The Government’s Tax on Peace of Mind
In the USA, thousands of distinct actions that violate no one’s natural rights have been declared illegal. Often the law provides for draconian punishment of those who violate such unjust laws. Sometimes, especially in cases involving alleged violation of tax laws or drug laws, the government may seize an alleged violator’s assets, making it impossible for him to mount an effective defense, conduct a business, or even live a normal life. In this perverse legal environment, ordinary people know, unless they are especially dense and ignorant, that the law’s hammer may fall on them at any time, regardless of how scrupulously they have conducted themselves and their affairs.
In such circumstances, most people experience a certain amount of apprehension, and many live in stark fear that the government may at any time ruin their lives. So, just as the government diminishes people’s well-being by taking their money in the guise of taxes, fees, and fines, so it equally or perhaps even more greatly diminishes their well-being by generating a pervasive apprehension or fear in their minds. We can all recall accounts of how people languishing under Communist dictatorships lived in fear of the “midnight knock on the door.” But a political and legal regime need not be Communist to have a similar effect on people’s peace of mind.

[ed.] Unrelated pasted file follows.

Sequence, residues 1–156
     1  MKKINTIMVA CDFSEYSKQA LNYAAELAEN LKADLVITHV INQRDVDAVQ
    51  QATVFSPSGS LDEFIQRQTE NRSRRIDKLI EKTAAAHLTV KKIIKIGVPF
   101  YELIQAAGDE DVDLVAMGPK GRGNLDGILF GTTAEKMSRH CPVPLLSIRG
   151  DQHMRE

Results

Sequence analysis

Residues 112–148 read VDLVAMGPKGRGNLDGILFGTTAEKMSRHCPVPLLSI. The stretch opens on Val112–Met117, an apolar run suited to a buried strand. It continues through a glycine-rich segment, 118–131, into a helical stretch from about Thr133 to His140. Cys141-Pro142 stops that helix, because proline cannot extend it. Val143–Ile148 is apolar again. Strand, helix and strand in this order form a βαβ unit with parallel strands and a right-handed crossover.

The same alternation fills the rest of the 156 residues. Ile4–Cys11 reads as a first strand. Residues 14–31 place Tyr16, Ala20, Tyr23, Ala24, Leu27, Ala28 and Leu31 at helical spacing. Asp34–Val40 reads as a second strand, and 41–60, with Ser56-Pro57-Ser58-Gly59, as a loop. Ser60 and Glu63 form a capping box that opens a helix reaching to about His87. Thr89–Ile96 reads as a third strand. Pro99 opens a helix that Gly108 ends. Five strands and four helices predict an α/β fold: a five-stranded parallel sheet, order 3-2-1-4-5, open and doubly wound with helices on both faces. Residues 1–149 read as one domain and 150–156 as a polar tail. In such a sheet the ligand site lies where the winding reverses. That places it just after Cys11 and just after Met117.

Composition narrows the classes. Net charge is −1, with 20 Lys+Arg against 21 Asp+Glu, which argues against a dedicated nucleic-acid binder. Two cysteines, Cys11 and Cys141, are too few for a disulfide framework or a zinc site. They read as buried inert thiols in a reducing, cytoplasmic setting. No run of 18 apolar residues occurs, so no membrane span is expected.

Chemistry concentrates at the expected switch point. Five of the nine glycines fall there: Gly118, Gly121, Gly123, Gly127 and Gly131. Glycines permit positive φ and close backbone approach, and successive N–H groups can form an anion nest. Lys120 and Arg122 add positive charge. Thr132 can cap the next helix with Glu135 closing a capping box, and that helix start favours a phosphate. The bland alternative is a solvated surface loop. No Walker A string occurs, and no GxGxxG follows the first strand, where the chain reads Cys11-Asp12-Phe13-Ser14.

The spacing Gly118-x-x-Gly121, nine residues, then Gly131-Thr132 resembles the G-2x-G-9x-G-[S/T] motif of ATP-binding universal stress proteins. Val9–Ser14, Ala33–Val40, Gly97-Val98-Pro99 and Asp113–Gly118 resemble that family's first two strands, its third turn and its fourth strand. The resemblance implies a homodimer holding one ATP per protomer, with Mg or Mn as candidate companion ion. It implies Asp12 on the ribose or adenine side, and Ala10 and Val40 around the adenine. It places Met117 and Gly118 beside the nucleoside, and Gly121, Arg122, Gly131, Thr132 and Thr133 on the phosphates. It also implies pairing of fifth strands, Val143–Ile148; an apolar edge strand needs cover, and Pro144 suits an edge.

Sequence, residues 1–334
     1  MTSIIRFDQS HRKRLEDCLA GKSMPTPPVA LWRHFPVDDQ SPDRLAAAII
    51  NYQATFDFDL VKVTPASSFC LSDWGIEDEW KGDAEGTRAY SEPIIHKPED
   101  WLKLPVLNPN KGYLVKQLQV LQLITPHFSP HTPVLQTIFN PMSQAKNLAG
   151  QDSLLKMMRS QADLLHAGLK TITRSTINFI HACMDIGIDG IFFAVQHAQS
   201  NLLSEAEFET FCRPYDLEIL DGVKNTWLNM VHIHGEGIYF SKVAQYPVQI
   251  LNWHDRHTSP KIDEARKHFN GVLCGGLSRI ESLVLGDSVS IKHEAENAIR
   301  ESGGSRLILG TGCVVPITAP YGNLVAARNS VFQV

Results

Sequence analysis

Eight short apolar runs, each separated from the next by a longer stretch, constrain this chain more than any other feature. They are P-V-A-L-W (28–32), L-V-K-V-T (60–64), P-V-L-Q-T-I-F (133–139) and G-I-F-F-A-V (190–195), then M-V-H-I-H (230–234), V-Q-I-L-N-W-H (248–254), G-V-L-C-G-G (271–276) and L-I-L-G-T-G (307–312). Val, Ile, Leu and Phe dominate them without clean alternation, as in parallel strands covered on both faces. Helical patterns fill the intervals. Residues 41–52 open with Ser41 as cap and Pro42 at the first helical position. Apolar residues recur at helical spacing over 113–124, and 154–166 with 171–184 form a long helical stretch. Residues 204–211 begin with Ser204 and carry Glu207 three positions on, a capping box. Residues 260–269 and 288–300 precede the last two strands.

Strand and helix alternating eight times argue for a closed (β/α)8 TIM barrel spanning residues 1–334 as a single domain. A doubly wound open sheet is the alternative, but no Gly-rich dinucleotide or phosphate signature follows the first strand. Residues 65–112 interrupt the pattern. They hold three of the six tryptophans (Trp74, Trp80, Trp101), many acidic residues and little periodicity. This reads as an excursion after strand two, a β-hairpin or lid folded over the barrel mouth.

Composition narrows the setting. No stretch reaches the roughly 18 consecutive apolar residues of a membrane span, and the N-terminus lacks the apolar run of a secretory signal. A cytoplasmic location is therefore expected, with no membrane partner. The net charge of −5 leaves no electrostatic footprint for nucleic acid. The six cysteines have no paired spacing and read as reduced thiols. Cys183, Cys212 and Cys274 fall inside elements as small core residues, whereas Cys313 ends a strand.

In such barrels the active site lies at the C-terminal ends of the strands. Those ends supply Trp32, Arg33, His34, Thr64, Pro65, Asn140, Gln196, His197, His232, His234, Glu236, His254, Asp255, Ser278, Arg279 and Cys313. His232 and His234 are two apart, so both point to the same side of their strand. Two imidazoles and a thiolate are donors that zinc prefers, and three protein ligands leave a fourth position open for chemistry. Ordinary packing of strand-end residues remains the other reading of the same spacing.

There is a loss of well-being as a result of pecuniary taxes and other takings, and there is similar loss of well-being as a result of merely living in a society where “justice” is a joke and the authorities act arbitrarily and capriciously to a great extent. People in the USA today live in such a depraved legal environment. Their quality of life suffers even if the law’s hammer never actually falls on them. One never knows when he has been or might soon be placed in the government’s cross-hairs. So far as the logic of the situation is concerned, I can’t help but think of the concentration camp in the film Schindler’s List, whose commandant used the Jews confined there for target practice.